What do organizations do when business transformation, organizational structure, and employees collide?
Organizational transformation is difficult, costly, and they can be taxing for everyone involved.
Managing transformation effectively is essential for achieving positive outcomes in any project.
Below, we’ll explore business transformation in detail, including:
- How organizational transformation affects the workforce
- The challenges associated with organizational transformation and change
- The benefits of change management
To start off, though, we should clarify what we mean by “business transformation” and “organizational transformation.”
Why and How Businesses Transform
Organizational transformations are a series of interrelated change initiatives aimed at reinventing an organization.
There are a number of potential drivers that can propel such transformations.
- Organizations may choose to transform their business in order to pursue hyper-growth opportunities
- Digital disruption may require a company to adopt new technology, modernize its IT infrastructure, and transform the way it operates
- New competitors may threaten existing business models, pressuring companies to evolve
Large-scale organizational transformations such as these can affect many areas of a business, such as:
- The organization’s strategy, mission, and aim
- Its target marketplace or its market position
- The corporate culture
- Organizational structure
As one would imagine, changes such as these can have a profound impact on the workforce, particularly with organizational restructuring.
What Happens When Business Transformation, Organizational Structure, and Workers Collide
Organizational restructuring can affect the workforce in several ways:
- Job roles can be eliminated, reassigned, or transformed
- Workers may need to re-skill, upskill, and undergo further training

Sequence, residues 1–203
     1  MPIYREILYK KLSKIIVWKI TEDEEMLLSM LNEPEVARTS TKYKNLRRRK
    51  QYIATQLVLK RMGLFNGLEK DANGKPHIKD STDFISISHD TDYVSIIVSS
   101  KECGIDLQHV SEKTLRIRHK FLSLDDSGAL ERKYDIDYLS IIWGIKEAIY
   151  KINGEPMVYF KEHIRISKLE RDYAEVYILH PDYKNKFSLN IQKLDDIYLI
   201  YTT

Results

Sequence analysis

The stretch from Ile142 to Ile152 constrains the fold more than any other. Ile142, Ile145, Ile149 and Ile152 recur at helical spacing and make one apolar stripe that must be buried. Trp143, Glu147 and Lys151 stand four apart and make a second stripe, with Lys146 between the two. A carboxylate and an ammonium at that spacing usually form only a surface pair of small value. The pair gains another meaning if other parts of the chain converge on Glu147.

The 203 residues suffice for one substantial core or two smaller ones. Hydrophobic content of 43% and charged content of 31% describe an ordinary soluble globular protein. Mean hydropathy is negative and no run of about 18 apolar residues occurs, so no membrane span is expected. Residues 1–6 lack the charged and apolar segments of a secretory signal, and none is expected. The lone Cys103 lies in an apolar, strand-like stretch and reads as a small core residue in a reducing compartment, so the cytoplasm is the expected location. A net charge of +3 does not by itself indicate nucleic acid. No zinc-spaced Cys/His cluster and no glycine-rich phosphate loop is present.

- Some workers may lose their positions, while new hires may alter the workplace dynamics
Naturally, such changes can have a significant impact on the workforce.
Though each transformation is unique – and each will have its own unique affect on the business – there are certain challenges common to many organizational changes.
When faced with the uncertainty of a massive organizational transformation, negative reactions are common.
- Uncertainty about the future can be stressful. Restructuring can be particularly distressing, because workers’ futures may hang in the balance. Clear communication about a change project, as we will see below, is one way to clarify the project aims and reduce uncertainty.
- Frustration and stress can lower productivity and engagement. Uncertainty, fear, stress, frustration, and other negative emotions can dramatically decrease workers’ contributions and support. This, in turn, harms the outcomes of a transformation program and decreases the chances of success.
- Negative reactions can give way to resistance. Employees’ resistance to change is a common roadblock to success. Structured change management specifically tackles obstacles such as employee resistance, through effective communication, robust employee training programs, and other employee-centered techniques.